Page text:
Jun 012011

After slowly tweaking my bash prompt over several years I’ve finally arrived at something that I feel is simple, functional, and elegant. I’ve addressed my four primary annoyances with working in a terminal:

  1. Finding commands in the terminal scrollback is difficult.
  2. Long working directories cause awkward wrapping.
  3. I find myself using “git branch” and “git status” far too often.
  4. With so many terminals open, it can be difficult to distinguish between them.

I didn’t want fourteen colors, a clock, the date, and my ascii art gravatar in my prompt, so I’ve tried to keep it simple. To address #1 above, I’ve made my prompt green. This makes finding it in the noisy scrollback much easier. This uses escape pres, which are admittedly a bit nasty, but they get the job done:


For #2, I used to show only the leaf of the path, but for *some* projects even this became problematic with pathnames like:


So I took a page out of Joshua Lock‘s book and just ensure my prompt ends with “\n$ ” so my commands start on a new line and in the same column every time.

PROMPT="\u@\h:\w\n\$ "

For #3, also inspired by Mr. Lock, I did some digging and found a ridiculous number of heavy handed implementations, included some running ruby scripts to determine the current git branch. Ruby? Really? Turns out any modern distribution provides the very handy __git_ps1 bash autocompletion feature, so simply adding:

\$(__git_ps1 ' [%s]')

to my PS1 gets me the current branch in square brackets. To show the current state of the repository, including modified files, staged files, and things like being in the middle of a bisection, I export GIT_PS1_SHOWDIRTYSTATE=1 and add bash.showDirtyState=true to my ~/.gitconfig. This adds a * for modified, + for staged (*+ for both), and things like “|BISECTING” when in the middle of a git bisect command. Very handy!

Update (17-Dec-2012): You may find you need to add the following before you can use __git_ps1, particularly if you are on Fedora:

source /etc/bash_completion.d/git

Finally, for #4, I’ve found that setting the working dir in the titlebar of the terminal does a fair job at distinguishing between them. I don’t use many terminal applications (mutt, mc, etc) so the directory is usually adequate. I set a variable and then include that in PS1:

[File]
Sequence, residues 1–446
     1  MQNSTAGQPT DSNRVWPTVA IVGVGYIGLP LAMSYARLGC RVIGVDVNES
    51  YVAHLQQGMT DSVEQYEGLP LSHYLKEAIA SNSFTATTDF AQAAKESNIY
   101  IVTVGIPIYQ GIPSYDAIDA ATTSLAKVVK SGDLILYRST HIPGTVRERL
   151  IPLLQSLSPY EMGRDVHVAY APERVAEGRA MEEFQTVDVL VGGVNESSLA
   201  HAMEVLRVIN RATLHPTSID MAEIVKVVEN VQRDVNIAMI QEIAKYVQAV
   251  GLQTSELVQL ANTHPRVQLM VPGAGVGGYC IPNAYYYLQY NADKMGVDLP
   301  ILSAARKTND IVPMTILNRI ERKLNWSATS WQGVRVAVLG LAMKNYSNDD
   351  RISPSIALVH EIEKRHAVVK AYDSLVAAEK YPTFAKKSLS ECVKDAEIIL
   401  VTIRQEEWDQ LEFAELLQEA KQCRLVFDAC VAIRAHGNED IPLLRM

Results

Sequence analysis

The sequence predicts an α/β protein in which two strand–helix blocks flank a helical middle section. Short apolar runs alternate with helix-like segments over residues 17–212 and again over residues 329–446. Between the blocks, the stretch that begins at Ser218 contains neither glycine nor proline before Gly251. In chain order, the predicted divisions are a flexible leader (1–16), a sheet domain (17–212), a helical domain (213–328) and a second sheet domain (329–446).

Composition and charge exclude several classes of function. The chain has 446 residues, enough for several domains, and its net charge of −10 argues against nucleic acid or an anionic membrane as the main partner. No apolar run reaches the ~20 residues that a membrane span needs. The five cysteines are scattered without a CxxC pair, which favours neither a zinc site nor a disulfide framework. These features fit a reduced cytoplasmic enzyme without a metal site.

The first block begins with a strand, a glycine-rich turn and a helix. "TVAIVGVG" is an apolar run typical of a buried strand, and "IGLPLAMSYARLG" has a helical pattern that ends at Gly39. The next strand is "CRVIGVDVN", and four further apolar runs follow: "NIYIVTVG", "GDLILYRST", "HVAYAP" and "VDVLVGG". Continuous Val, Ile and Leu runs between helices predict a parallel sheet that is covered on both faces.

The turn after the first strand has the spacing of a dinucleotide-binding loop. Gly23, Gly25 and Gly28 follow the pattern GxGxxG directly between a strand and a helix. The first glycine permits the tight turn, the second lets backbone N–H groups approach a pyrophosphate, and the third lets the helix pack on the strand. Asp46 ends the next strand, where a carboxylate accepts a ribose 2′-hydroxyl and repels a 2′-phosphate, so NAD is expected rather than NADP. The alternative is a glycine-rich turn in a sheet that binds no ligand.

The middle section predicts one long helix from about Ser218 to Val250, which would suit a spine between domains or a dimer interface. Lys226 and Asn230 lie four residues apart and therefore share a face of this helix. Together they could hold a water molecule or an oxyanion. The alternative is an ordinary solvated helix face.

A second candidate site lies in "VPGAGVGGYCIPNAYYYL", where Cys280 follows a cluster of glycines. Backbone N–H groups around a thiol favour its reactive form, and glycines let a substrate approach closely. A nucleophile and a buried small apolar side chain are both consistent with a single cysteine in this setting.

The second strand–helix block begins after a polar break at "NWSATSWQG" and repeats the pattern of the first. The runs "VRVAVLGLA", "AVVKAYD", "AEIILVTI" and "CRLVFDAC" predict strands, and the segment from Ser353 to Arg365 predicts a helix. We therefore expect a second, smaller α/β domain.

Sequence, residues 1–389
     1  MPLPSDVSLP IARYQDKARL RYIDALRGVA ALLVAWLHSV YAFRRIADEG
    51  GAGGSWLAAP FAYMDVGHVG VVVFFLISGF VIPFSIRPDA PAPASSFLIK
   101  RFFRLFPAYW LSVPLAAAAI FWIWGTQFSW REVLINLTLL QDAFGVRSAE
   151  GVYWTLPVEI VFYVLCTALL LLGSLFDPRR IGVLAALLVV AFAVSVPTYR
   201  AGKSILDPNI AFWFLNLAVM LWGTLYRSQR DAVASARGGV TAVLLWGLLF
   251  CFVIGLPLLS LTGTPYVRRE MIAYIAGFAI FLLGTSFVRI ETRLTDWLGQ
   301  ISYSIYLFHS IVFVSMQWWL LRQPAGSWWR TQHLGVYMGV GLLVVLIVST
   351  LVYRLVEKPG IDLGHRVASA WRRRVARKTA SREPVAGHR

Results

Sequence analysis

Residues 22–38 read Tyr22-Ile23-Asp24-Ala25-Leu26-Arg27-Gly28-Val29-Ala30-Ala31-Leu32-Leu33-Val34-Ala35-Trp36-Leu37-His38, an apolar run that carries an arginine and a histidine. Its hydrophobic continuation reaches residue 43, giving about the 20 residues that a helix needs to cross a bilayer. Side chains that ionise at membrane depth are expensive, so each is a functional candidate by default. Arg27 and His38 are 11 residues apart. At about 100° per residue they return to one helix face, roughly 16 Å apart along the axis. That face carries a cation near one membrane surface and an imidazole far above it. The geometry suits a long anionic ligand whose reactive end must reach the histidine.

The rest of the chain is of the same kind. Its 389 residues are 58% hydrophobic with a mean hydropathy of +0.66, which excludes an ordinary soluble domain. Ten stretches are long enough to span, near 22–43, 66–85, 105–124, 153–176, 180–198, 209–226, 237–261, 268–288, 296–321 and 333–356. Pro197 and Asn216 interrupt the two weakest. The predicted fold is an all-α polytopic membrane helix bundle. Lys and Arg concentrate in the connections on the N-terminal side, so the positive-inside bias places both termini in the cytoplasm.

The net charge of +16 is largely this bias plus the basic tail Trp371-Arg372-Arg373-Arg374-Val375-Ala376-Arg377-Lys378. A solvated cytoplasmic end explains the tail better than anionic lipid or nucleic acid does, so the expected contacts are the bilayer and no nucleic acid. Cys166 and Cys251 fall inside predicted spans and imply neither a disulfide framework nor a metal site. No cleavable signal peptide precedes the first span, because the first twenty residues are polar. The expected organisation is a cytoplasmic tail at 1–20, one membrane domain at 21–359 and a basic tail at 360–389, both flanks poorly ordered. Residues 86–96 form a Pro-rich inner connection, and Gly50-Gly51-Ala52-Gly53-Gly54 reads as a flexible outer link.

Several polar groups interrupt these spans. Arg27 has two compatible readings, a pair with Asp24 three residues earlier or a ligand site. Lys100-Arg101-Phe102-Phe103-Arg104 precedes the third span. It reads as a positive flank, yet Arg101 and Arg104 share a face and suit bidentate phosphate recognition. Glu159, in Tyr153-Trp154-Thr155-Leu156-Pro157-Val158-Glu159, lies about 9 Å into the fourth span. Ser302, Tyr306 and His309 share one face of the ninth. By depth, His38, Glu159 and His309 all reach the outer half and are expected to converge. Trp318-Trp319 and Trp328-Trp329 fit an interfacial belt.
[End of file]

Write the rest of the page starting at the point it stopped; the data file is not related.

In summary, the setup of my prompt in .bashrc is as follows:

if [ $TERM != "linux" ]; then
PROMPT="\u@\h:\w\$(__git_ps1 ' [%s]')\n\$ "

This results in a prompt that looks something like this:

dvhart@doubt:~ [master]
$ touch test

dvhart@doubt:~ [master]
$ git add test

dvhart@doubt:~ [master +]
$ echo " " >> ~/.bashrc

dvhart@doubt:~ [master *+]
$ git reset --hard HEAD
HEAD is now at 8def692 bitbake TEMPLATECONF

dvhart@doubt:~ [master]
$ git bisect start HEAD HEAD~2
Bisecting: 0 revisions left to test after this (roughly 0 steps)
[e82b229ca456cb77f1da310f7a6f966a4d5e2c95] use __git_ps1 in bash prompt

dvhart@doubt:~ [(e82b229...)|BISECTING]
$ git checkout master
Previous HEAD position was e82b229... use __git_ps1 in bash prompt
Switched to branch 'master'

dvhart@doubt:~ [master]

Update (7-Jun-2011): If you happen to use git to track your home directory config files, such as .bashrc and ~/bin you likely want to avoid using __git_ps1 in your prompt as it will show up pretty much all the time, and lose its effectiveness while working in your actual development project repositories. To address this, I’ve updated my prompt to only display __git_ps1 when the git top-level directory is not $HOME:

# Print the __git_ps1 string unless the git directory is $HOME.
source /etc/bash_completion.d/git
function git_ps1() {
    GD="$(git rev-parse --show-toplevel 2>/dev/null)"
    if [ "$GD" != "$HOME" ]; then
        __git_ps1 ' [%s]'

if [ $TERM != "linux" ]; then
PROMPT="\u@\h:\w\$(git_ps1)\n\$ "